US not to ease sanctions against Cuba
US President Barack Obama will not take measures to ease the embargo on Cuba unless the government in Havana makes significant progress in democratic and economic reforms, his Deputy National Security Advisor Antony Blinken said.
Washington: US President Barack Obama will not take measures to ease the embargo on Cuba unless the government in Havana makes significant progress in democratic and economic reforms, his Deputy National Security Advisor Antony Blinken said.
Blinken made the comment on Wednesday when Cuban-American Senator Marco Rubio (Democrat) asked him about rumours that Obama was going to use executive measures to relax part of the economic embargo on Cuba.
"Unless Cuba is able to demonstrate that it is taking meaningful steps to move forward, I don`t see how we can move forward in the relationship," Blinken said.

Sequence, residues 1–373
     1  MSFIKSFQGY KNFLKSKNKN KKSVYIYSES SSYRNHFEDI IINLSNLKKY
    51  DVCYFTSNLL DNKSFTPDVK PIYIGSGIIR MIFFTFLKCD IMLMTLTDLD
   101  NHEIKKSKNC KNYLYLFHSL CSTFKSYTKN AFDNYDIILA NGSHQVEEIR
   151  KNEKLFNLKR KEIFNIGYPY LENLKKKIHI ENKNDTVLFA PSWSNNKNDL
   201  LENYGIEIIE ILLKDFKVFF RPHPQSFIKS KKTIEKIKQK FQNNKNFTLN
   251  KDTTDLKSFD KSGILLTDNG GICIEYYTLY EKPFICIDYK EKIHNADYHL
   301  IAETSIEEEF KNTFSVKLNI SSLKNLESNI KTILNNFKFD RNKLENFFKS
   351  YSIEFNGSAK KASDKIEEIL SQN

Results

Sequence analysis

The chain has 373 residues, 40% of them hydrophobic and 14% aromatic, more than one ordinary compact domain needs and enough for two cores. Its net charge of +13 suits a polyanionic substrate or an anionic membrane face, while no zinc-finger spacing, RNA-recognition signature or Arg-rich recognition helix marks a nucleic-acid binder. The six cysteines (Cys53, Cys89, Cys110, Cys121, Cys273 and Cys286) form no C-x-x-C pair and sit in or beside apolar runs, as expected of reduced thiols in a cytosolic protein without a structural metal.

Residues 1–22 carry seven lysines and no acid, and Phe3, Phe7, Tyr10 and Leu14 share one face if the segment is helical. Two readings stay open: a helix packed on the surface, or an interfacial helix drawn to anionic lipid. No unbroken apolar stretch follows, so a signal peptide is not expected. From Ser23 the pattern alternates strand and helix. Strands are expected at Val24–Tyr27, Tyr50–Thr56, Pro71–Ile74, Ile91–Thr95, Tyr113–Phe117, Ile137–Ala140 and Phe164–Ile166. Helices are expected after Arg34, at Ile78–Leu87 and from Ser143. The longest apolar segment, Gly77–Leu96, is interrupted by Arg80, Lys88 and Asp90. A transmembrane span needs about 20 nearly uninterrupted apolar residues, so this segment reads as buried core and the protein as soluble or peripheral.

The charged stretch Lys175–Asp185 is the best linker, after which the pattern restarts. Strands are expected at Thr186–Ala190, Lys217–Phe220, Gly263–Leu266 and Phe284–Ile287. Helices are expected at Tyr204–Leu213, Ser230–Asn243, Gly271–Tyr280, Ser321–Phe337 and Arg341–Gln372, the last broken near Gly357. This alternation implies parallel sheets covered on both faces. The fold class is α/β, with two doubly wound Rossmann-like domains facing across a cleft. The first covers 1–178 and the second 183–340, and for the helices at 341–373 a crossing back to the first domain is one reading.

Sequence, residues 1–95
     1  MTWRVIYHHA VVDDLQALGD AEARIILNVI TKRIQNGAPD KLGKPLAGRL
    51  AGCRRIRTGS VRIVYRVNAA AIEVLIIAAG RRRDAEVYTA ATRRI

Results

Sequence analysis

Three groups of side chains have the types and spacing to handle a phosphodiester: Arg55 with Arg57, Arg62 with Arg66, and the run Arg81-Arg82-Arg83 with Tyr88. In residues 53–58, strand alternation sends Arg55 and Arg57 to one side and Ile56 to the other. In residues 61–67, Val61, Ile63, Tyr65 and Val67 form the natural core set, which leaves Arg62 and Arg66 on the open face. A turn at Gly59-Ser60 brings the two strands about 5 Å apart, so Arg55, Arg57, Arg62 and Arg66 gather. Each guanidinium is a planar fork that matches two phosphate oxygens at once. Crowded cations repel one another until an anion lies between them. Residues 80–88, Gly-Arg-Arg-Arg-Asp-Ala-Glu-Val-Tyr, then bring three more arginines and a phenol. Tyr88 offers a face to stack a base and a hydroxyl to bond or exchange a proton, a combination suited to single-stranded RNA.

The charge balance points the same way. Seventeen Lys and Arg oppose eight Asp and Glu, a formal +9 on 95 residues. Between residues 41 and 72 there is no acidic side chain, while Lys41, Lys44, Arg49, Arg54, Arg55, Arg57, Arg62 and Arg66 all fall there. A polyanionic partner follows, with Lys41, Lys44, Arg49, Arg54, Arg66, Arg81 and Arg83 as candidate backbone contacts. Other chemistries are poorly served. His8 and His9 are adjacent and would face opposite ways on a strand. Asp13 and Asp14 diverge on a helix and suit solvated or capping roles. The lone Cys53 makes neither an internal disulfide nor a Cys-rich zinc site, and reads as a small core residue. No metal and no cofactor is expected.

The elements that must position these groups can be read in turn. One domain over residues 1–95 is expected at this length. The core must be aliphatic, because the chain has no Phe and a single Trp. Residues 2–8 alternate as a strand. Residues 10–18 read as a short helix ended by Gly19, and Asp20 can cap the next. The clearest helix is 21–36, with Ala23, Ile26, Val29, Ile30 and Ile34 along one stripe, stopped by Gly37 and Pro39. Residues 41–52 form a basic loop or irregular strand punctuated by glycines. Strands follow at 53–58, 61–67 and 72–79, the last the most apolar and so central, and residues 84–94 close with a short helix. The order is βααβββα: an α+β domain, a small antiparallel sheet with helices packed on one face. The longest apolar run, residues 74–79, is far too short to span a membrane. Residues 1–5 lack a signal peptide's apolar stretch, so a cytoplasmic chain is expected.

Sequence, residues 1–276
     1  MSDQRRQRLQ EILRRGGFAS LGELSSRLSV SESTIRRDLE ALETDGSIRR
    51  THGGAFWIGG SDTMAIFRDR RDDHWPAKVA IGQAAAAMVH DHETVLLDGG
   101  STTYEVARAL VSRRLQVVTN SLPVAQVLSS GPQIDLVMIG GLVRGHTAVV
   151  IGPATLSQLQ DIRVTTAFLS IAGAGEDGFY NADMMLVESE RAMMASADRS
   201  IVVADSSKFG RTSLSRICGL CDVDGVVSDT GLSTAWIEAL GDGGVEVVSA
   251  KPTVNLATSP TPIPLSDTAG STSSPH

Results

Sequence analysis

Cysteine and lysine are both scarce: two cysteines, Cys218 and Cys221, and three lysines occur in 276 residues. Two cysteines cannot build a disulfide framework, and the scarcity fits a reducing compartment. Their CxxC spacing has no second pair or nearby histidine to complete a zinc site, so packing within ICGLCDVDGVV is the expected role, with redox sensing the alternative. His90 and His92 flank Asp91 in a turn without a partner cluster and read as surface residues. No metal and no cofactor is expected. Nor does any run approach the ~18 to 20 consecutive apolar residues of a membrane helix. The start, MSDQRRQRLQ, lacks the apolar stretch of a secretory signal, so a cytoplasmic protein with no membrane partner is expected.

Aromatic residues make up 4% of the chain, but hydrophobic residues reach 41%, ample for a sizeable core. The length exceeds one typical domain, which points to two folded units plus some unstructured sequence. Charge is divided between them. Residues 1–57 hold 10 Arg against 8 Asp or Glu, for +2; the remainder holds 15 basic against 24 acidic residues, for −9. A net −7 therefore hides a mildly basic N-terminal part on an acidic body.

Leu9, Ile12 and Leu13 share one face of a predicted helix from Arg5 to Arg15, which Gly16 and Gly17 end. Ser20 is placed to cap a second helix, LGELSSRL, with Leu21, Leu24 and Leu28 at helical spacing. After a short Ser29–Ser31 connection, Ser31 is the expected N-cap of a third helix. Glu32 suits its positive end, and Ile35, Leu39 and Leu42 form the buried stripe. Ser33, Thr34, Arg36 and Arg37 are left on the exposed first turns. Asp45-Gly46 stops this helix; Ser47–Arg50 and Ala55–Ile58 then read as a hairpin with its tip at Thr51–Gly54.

He added that the President had ideas to help move Cuba in a democratic direction, but it all depended on Cuba and its actions.
The deputy national security advisor has been nominated by Obama to become the State Department`s number two and was appearing before a Senate panel for his confirmation hearings.
US academic and political circles have been debating the possibility of normalising relationships with Cuba, a country with which the US ended its diplomatic ties in 1961 and on which economic and trade embargoes were imposed in 1962.
Blinken said that the "unjust imprisonment" in Cuba of American subcontractor Alan Gross since 2009 was also an obstacle for improving ties.
In the Senate hearing, another American-Cuban Senator, Democrat Bob Menéndez, said that Cuba should not be allowed to attend the 2015 Summit of the Americas to be held in Panama.
The US government is yet to confirm it will attend the summit but argues that Cuba should not be permitted as it does not comply with democratic ideals.